UCLA Criminal Justice Law Review

The UCLA Criminal Justice Law Review (CJLR) has partnered with the Criminal Justice Policy Program at Harvard Law School to publish works from the Progressing Reform of Fees and Fines conference on the impact of economic sanctions. This volume features publications that highlight the role of fines and fees in the criminal legal system.

See below for the full list of works published in Volume 4, Issue 1.

  • Reforming Monetary Sanctions, Reducing Police Violence by Sharon Brett
  • Pay Unto Caesar: Breaches of Justice in the Monetary Sanctions Regime by Mary Pattillo and Gabriela Kirk
  • Democracy, if You Can Afford It: How Financial Conditions are Undermining the Right to Vote by Thea Sebastian, Danielle Lang and Caren E. Scott
  • Piling on Debt: The Intersections Between Child Support Arrears and Legal Financial Obligations by Vicki Turetsky and Maureen R. Waller
  • Reflections: Challenging Monetary Sanctions in the Era of Racial Taxation by Raul Carrillo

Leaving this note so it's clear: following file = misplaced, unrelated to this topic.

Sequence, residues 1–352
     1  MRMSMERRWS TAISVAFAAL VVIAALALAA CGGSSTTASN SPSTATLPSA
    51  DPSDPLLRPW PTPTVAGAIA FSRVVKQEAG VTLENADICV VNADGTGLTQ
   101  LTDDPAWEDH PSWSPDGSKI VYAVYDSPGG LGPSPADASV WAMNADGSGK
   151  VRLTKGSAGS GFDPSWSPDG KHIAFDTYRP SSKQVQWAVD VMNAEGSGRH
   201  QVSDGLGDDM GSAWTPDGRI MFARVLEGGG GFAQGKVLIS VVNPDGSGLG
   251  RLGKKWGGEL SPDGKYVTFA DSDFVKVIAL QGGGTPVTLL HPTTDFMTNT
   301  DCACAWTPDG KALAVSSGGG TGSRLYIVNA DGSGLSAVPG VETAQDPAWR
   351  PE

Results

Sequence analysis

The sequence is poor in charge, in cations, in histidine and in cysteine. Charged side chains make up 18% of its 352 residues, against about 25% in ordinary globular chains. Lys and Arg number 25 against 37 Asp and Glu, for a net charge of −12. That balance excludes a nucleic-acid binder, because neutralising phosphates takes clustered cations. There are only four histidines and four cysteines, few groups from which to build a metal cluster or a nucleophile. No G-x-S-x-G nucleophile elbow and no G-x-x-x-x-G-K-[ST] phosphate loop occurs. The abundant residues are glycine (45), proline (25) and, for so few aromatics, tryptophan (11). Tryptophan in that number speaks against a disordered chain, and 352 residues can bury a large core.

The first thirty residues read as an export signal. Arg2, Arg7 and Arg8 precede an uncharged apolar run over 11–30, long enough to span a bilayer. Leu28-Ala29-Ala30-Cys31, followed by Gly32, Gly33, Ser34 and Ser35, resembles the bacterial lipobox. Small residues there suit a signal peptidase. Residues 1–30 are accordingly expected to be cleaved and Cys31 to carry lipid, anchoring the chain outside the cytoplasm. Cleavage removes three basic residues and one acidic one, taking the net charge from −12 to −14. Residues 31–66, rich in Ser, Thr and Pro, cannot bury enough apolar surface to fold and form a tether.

• Fiscal Pressures, the Great Recession, and Monetary Sanctions in Washington Courts of Limited Jurisdiction by Frank Edwards
  • If We Only Knew the Cost: Scratching the Surface on How Much it Costs to Assess and Collect Court Imposed Criminal Fees and Fines by Michale F. Crowley, Matthew J. Menendez and Lauren- Brooke Eisen
  • Carceral Immobility and Financial Capture: A Framework for the Consequences of Racial Capitalism Penology and Monetary Sanctions by Brittany Friedman
  • Undeliverable: Suspended Driver’s Licenses and the Problem of Notice by Brandon L. Garrett, Karima Modjadidi and William Crozier
  • Forcing Judges to Criminalize Poverty in North Carolina by Gene Nichol
  • Monetary Sanctions, Legal and Collateral Consequences, and Probation and Parole: Where Do We Go From Here? by Nathan Link, Jordan M. Hyatt, and Ebony Ruhland
  • Law, Money, People: Insights from a Brief History of Court Funding Concerns by Karin D. Martin
  • The Hidden Cost of the Disease: Fines, Fees, and Costs Assessed on Persons with Alleged Substance Use Disorder by Meghan O’Neil and Daniel Strellman
  • Reflection on the Rhetoric and Realities of Restitution by Leslie Paik
  • Alabama Is Us: Concealed Fees in Jails and Prisons by Mary Fainsod Katzenstein, Nolan Bennett and Jacob Swanson 
  • The Broad Scope and Variation of Monetary Sanctions: Evidence from Eight States by Sarah Shannon, Beth M. Huebner, Alexes Harris, Karin Martin, Mary Patillo, Becky Pettit, Bryan Sykes et al. 
  • Hidden Fees? The Hidden State Framework and the Reform Prospects from Systems of Monetary Sanctions by Chloe Thurston